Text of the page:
The study concludes that the laser pointer based interaction models, 3 and 4, were much less accurate than the handheld interaction models, 1 and 2, in this experiment. All interaction models except 4 achieved about the same test duration while interaction model 4 lagged several seconds behind. The participants liked interaction model 1 the most, followed closely by 3. They disliked 4 the most and rated 2 at a point in the middle of the rest.

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    BTH2018Essinger
  • 8.
    Frigione, Ivana
    et al.
    University of Milano-Bicocca, ITA.
    Massetti, Gemma
    University of Milano-Bicocca, ITA.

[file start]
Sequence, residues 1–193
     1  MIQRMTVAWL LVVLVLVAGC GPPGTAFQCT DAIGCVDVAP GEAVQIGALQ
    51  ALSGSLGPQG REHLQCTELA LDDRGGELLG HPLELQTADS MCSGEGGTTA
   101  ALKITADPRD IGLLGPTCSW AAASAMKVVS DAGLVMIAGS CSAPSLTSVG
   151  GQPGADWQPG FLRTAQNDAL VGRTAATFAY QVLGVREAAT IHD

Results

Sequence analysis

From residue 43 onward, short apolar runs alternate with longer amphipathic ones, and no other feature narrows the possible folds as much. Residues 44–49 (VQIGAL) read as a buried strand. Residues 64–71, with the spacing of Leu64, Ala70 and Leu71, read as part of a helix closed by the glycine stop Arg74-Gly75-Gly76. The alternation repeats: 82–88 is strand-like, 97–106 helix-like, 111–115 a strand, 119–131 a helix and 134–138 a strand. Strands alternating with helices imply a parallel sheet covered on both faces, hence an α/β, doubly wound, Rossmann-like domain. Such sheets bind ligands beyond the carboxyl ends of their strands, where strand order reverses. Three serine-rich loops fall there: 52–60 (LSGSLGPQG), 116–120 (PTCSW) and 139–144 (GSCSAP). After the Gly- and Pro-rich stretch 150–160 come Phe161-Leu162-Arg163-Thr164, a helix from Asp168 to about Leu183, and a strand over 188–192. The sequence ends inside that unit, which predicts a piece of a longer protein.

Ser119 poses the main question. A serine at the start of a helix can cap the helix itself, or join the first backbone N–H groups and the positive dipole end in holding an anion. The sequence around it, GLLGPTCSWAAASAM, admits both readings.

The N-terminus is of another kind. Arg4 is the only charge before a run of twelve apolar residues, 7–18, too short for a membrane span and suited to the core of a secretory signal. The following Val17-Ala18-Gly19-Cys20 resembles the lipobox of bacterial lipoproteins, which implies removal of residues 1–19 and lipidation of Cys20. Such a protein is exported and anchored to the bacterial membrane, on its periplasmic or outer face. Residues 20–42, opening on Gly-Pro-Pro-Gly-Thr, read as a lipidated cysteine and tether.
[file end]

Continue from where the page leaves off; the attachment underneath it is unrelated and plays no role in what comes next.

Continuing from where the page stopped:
Girondini, Matteo
    University of Milano-Bicocca, ITA.
    Etzi, Roberta
    University of Milano-Bicocca, ITA..
    Scurati, Giulia Wally
    Politecnico di Milano, ITA.
    Ferrise, Francesco
    Politecnico di Milano, Milan, ITA.
    Chirico, Alice
    Università Cattolica del Sacro Cuore, ITA.
    Gaggioli, Andrea
    Università Cattolica del Sacro Cuore, ITA.
    Gallace, Alberto
    University of Milano-Bicocca, ITA.
    An Exploratory Study on the Effect of Virtual Environments on Cognitive Performances and Psychophysiological Responses2022In: CyberPsychology, Behavior and Social Networking, ISSN 2152-2715, E-ISSN 2152-2723, Vol. 25, no 10, p. 666-671Article in journal (Refereed)
    Abstract [en]